Eastwell, St Mary

Photo: David Cawley, 2002

  • Formerly a ring of 6 bells, tenor 11-2-18, church in ruins
  • Formerly ring of 6, tenor 11-2-18. Scrapped.
  • Grid Ref: TR009473
  • Rung from: Upstairs Ringing Room
  • Denomination: Church of England
    Diocese (Anglican): Canterbury
    Archdeaconry (Anglican): Maidstone

Prior to being scrapped in 1952

Bell Weight
(most recent)
Treble (of 6)5-0-629"1842Thomas Mears IINeverScrapped 1952
2nd (of 6)5-2-1731"1842Thomas Mears IINeverScrapped 1952
3rd (of 6)7-0-2033"1842Thomas Mears IINeverScrapped 1952
4th (of 6)7-1-2335"1842Thomas Mears IINeverScrapped 1952
5th (of 6)9-2-738"1842Thomas Mears IINeverScrapped 1952
Tenor (of 6)11-2-1843"1912Mears & StainbankNeverScrapped 1952

Prior to 1912

Bell Weight
(most recent)
Tenor (of 6)12-2-2642"1794Thomas Mears INeverRecast 1912

Original ring of Three

Bell Weight
(most recent)
Treble (of 3)3½ cwt approx.c.26"1605Joseph HatchNeverRecast 1794
2nd (of 3)4 cwt approx.c.28"Pre-reformationUnknownNeverRecast 1794
Tenor (of 3)6 cwt approx.c.32"1635Joseph HatchNeverRecast 1794


1500 The earliest mention of bells is in the Will of Stephen Hawker of Challock. He pledged £5 "To buying a Great Bell for Eastwell".
1552 Record of 3 bells and a little sanctus bell.
1605 Treble (of 3) recast by Joseph Hatch.
1635 Tenor (of 3) recast by Joseph Hatch.
1757 Record of 3 bells in the tower. [1]
1794 Bells recast into a single bell by Thomas Mears.
1842 In April, Thomas Mears II submitted 2 estimates: £239.1s.4d - augment the existing bell with 4 bells to make 5; £257.2s.8d (less £59.17s.0d. Part exchange) for a new ring of 5 bells, tenor 9 cwt. Neither were taken up. In August the Earl of Winchelsea invoiced for "five new bells to suit the existing complete with frame and fittings" for £295.8s.2d.), i.e. 5 new bells were added to the existing bell to augment them to 6.
c 1848 The frame and hanging were clearly poor. The Canterbury Cathedral Company visited and found the bells quite unmanageable.
1912 Tenor recast and bells rehung in a new iron frame by Mears & Stainbank. The work was completed by Easter.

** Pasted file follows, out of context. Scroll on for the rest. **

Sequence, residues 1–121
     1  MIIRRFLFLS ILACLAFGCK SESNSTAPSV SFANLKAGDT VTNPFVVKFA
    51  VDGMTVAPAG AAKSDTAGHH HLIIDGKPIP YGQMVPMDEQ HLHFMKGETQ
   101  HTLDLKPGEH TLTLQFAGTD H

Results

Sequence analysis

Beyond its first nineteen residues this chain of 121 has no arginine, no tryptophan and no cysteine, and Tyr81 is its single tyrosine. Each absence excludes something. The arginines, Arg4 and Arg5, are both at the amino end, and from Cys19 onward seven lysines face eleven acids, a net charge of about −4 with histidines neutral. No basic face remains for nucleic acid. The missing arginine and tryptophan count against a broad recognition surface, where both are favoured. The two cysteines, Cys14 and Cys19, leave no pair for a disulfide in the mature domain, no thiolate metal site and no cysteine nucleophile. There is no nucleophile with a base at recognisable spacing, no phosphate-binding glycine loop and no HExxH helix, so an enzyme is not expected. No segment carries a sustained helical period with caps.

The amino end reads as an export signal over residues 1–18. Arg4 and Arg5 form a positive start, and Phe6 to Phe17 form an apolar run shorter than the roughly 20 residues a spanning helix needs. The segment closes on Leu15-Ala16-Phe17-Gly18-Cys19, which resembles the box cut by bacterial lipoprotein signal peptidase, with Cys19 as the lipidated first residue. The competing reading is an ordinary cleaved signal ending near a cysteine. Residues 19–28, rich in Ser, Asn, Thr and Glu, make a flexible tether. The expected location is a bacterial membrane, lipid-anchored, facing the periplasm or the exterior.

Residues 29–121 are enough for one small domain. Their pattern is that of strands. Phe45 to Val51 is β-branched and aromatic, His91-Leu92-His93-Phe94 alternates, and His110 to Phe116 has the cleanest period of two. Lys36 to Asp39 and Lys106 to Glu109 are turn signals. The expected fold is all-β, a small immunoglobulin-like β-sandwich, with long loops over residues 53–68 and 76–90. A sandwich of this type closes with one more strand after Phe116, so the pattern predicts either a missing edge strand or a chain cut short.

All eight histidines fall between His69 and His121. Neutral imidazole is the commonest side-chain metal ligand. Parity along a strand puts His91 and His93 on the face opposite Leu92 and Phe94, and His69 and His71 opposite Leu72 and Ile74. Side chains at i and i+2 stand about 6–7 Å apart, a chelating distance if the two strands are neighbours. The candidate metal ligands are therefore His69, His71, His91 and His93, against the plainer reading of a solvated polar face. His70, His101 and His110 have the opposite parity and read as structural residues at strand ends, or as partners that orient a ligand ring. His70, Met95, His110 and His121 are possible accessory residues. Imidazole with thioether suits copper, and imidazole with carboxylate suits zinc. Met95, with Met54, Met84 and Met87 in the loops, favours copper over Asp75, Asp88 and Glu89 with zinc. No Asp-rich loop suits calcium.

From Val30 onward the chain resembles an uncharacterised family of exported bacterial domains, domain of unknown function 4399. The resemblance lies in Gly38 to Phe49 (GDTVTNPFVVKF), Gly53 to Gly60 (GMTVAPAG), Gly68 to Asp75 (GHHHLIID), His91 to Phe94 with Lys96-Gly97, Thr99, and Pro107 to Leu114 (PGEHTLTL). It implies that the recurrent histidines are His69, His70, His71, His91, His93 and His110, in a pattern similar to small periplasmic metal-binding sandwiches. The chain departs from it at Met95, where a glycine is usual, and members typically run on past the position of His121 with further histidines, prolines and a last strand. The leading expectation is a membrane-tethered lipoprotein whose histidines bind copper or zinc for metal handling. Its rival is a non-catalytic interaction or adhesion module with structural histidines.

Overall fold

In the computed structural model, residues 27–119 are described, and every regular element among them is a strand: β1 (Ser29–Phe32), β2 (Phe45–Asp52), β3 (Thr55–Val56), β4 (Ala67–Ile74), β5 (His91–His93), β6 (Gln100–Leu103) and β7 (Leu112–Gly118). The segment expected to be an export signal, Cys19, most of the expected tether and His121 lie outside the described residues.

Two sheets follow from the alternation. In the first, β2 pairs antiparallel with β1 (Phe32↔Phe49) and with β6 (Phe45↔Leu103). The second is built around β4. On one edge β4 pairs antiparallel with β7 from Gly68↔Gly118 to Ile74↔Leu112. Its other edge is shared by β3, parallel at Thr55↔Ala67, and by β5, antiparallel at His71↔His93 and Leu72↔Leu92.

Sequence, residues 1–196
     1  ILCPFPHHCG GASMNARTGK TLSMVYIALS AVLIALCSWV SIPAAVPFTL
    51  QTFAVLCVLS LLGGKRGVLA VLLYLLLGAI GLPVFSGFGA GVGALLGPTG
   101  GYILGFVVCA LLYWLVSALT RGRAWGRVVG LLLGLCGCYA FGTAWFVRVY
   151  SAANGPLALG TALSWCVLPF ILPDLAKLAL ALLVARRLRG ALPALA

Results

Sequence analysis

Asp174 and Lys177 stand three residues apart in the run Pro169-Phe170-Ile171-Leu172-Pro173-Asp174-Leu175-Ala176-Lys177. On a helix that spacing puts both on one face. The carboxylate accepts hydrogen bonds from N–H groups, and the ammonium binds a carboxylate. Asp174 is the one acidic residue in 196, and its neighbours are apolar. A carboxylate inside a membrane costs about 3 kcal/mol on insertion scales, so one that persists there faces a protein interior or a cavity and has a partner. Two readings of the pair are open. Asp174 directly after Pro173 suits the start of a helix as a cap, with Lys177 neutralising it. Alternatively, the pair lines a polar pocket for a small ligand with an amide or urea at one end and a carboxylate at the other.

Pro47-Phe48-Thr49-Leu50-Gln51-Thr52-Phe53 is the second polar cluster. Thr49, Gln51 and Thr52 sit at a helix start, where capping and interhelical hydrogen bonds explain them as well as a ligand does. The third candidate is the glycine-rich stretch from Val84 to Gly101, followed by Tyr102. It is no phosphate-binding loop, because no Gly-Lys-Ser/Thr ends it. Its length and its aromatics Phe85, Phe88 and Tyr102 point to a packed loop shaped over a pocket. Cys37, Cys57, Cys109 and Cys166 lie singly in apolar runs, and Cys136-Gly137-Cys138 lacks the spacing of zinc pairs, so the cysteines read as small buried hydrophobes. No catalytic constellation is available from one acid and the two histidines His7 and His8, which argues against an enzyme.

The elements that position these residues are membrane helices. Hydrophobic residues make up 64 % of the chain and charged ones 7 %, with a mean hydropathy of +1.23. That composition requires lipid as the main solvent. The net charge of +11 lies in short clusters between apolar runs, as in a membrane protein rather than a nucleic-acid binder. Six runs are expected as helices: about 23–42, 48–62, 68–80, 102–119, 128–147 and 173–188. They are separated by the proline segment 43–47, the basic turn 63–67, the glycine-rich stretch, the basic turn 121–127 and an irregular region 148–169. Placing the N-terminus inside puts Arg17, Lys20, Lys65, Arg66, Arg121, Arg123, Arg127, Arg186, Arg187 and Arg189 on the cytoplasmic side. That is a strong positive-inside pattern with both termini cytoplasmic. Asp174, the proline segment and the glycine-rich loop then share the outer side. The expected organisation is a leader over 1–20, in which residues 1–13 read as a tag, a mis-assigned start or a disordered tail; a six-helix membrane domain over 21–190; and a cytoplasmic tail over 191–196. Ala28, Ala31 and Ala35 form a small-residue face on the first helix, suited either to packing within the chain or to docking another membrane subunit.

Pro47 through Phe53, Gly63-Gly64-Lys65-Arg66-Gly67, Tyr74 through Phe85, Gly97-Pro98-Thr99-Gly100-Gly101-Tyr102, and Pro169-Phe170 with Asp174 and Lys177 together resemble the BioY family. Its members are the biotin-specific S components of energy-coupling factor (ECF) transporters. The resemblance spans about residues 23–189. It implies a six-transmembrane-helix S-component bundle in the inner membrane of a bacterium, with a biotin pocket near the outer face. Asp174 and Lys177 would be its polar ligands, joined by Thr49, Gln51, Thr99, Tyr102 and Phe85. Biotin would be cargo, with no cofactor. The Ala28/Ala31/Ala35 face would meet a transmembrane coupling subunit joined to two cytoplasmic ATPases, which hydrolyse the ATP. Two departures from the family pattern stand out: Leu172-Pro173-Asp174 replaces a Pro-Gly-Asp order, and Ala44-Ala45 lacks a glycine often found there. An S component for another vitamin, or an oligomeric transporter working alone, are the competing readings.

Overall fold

1950 22nd July Last peal in the tower.
1951 14th Feb The arcade between the nave and aisle collapsed and the roof fell in leaving the tower, porch and chancel intact and the body of the church roofless. (Subsequently the walls were demolished leaving only the tower, west wall and porch intact.)
1952 Jan Bells removed and sold to Gillett & Johnston for scrap. They were reckoned to be one of the best sixes in Kent.
1974 11th Jun Church declared redundant.
1979 The ruined church was vested in the Friends of Friendless Churches who have gradually restored what stands.
[1] It has a good Tower at the East End (sic for West), in which hang 3 Bells, thus inscribed: 1. Joseph hatch fecit Me. 1605. 2. Sancta Maria ora pro Nobis. 3. Josephus hatch fecit Me. 1653. (Rev’d Bryan Faussett, 1757)


Photo: David Cawley collection

A view up the tower where the 6 new and 6 former rope holes may be seen.
Photo: David Cawley, 23 Nov 2002

Photo: David Cawley collection

The tower and west wall from the North. Between them is the rubble of the pillar which collapsed on 14th Feb, 1952, bringing down the roof.
Photo: David Cawley, 23 Nov 2002

The tower arch as at 23rd Nov. 2002. The brick wall which blocked the arch has been removed and the remains of the ringing gallery are shortly to be removed. (The carved front went to Molash in 1953.) The tower will be enclosed within a wrought iron grill
Photo: David Cawley, 23 Nov 2002

A plaque recording the rehanging of the bells in 1912.
Photo: David Cawley, 23 Nov 2002

Photo: David Cawley collection

Photo: David Cawley collection

Photo: David Cawley collection

The church in c.1900.
Photo: David Cawley collection

The church in c.1947.
Photo: David Cawley collection

Love's Guide to the Church Bells of Kent Page updated: 1 July 2020